MUSEUM OF LATIN AMERICAN ART PRESENTS FIRST SURVEY EXHIBITION OF LATIN
AMERICAN PHOTOGRAPHYAND PHOTO- BASED ART FROM 1990-2005, IN L.A.
FEBRUARY 14 – MAY 2, 2010
Changing the Focus: Latin American Photography 1990-2005 is the first survey exhibition of Latin American photography and photo-based art from 1990 to 2005 to be presented in the Los Angeles area. With more than 80 works of art by 37 artists such as Gabriel Orozco, Vik Muniz and Alfredo Jaar, the exhibition profiles the diversity and innovation of contemporary Latin American photography through an array of media; from traditional photography to manipulated digital photography, installations, light-boxes and photo-based art. Richard Townsend, the Museum’s President and CEO said, “We are pleased to bring to the public’s attention this important aspect of the history of photography, and in particular its very vital practice in Latin America and by Latin American artists throughout the world.”
By the end of the 20th century, photography in Latin America had distanced itself from the traditional documentation of the political and social nature of the region to embrace other forms of experimental photography which communicated social commentary through more artificial representations. Changing the Focus: Latin American Photography 1990-2005, explores the shift from the predominant documentary based photography of the 1980s to a more conceptual use of the medium and a more critical interpretation of reality. Exhibition curator Idurre Alonso stated, “The 1990s is a breakthrough decade for Latin American photography. It is during this time that Latin American photographers became part of the international art scene and generated works of art that showed innovative themes and techniques while some of them moved in a more conceptual direction.”
The exhibition opens by questioning the traditional documentary value of photography by exploring the photo-based interpretations of historic landscapes and objects. Photographs presented in this section deal with architectural elements and objects which depict the complex social and political realities experienced in Latin America through metaphorical references. For instance, the Venezuelan artist Luis Molina Pantin (Switzerland, b.1969) takes a critical look at the hybrid architectural forms in the urban landscape of Cali, Colombia, and the criminal ostentation of what he calls narco-arquitectura, the extravagant mansions of the Colombian drug traffickers. On the other hand, Milagros de la Torre (Peru, b. 1965) approaches photography with the eyes of an investigator by utilizing violently charged items of clothing, weapons and other objects from crime scenes to develop a collection of silent and haunting narratives of criminal activity.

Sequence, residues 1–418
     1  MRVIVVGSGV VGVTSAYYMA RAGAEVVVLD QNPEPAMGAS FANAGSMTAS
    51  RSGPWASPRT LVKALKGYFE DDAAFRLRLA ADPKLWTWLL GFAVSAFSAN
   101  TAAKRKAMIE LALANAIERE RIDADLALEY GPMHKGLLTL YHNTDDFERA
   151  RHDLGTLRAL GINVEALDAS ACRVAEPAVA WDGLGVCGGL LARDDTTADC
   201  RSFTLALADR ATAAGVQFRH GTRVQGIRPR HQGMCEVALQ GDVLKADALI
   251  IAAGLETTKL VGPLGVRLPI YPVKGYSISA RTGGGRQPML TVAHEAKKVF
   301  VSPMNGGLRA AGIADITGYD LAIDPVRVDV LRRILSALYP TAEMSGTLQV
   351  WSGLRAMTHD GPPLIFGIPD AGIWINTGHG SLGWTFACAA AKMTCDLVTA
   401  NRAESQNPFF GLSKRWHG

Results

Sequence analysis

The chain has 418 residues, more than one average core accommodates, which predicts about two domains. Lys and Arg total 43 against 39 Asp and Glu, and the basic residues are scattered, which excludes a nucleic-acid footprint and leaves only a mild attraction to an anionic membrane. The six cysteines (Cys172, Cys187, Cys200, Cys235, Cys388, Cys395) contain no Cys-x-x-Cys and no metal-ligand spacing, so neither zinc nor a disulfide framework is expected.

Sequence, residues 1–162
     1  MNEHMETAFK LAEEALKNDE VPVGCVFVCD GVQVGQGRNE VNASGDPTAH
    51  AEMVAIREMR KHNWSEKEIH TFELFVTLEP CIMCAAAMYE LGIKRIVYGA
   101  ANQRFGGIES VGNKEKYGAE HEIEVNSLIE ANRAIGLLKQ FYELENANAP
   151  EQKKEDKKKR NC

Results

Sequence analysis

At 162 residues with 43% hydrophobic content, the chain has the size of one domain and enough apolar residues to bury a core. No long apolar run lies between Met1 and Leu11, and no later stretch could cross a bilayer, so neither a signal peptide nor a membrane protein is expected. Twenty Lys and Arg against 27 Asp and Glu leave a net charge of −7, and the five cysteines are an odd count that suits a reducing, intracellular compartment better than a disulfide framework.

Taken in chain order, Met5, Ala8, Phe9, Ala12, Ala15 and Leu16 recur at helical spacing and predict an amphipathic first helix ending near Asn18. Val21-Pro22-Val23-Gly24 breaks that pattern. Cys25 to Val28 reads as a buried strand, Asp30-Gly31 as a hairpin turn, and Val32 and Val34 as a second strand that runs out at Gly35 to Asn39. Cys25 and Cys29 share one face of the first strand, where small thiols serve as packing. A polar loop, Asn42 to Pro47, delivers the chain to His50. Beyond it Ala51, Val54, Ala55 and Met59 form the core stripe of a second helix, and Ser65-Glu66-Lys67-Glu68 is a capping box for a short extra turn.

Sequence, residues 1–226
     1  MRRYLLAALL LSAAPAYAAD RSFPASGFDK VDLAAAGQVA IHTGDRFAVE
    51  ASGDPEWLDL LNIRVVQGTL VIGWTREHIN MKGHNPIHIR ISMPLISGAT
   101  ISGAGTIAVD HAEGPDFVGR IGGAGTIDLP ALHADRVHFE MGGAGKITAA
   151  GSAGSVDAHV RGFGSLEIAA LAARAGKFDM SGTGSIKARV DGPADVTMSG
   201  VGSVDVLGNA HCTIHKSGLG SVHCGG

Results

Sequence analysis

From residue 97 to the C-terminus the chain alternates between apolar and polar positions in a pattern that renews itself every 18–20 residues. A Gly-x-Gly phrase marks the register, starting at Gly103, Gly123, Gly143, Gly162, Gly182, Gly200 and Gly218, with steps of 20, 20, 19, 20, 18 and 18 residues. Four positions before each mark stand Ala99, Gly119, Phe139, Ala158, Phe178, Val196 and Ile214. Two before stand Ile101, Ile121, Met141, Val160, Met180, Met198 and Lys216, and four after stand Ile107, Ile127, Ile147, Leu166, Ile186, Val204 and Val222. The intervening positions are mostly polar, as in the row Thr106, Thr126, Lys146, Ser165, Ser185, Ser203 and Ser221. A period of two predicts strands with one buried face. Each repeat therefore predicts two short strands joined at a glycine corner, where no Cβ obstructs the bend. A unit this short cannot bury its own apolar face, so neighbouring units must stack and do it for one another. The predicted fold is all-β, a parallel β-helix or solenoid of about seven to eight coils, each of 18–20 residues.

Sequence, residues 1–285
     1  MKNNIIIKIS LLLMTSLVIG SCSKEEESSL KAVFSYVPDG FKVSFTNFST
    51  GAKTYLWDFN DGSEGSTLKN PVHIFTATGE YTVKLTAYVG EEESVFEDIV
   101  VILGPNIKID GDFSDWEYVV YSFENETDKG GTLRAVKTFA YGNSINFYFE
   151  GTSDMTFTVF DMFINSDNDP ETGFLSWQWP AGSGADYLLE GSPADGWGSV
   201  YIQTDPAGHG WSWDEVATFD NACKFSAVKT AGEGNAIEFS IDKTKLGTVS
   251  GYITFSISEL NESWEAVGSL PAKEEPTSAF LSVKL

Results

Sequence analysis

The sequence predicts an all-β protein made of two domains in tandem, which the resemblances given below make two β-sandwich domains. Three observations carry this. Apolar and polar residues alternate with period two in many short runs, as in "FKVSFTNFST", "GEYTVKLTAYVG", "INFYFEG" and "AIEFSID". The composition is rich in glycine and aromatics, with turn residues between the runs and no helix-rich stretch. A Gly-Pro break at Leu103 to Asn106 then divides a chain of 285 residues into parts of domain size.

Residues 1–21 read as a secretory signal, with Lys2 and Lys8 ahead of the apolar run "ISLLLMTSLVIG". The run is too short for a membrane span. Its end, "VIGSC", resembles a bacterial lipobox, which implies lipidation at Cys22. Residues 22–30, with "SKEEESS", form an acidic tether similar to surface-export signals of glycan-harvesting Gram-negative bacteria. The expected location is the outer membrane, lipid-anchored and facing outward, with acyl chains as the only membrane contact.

Changing the Focus transitions to the internalization of the document and artists such as Tatiana Parcero (Mexico, b. 1967) and Daniela Rossell (Mexico, b. 1973) use the body as the stage or the setting for the photograph and focus on subjects such as group or individual identity and social classes and roles. A photographic series by Parcero called Cartografías intimately displays a series of anatomical diagrams and ancient Mexican codices projected onto her nude body, serving as maps that chart territories beyond the physical. Rossell created a polemical and ironic body of work that delves into the world of the ultrarich classes of Mexico’s oligarchic elite.
Lastly, the exhibition moves to focus on images and staged situations from an entirely artificial and satirical setting, causing the viewer to question the reality of the subjects presented. These works by artists like Marcos López (Argentina, b. 1958) are theatrical and kitschy in their composition and aim to discuss both the advantages and the disparities of the various political, social and economic agendas in Latin America.
Changing the Focus: Latin American Photography1990-2005 is organized by the Museum of Latin American Art and curated by Idurre Alonso. A fully illustrated color catalog accompanies the exhibition.
The exhibition is presented by the Audrey and Sydney Irmas Charitable Foundation. Additional funding is provided by the Robert Gumbiner Foundation, Verizon Wireless, Arts Council for Long Beach, City of Long Beach, Los Angeles County Arts Commission and the Annual Exhibition Fund. Media support is provided by ABC7, KCRW 89.9 FM, La Opinion, LA Weekly and Telemundo.
MOLAA Hours: Sun., Wed., Fri. and Sat. 11:00am – 5:00pm, Thurs. 11:00am – 9:00pm
Closed Monday and Tuesday
Admission: $9.00 General/ $6.00 Students (w/ID) and Seniors (65+)
Members and children under 12 FREE
Contact Martha Guzman: 562.216.4112
By Jim McKinniss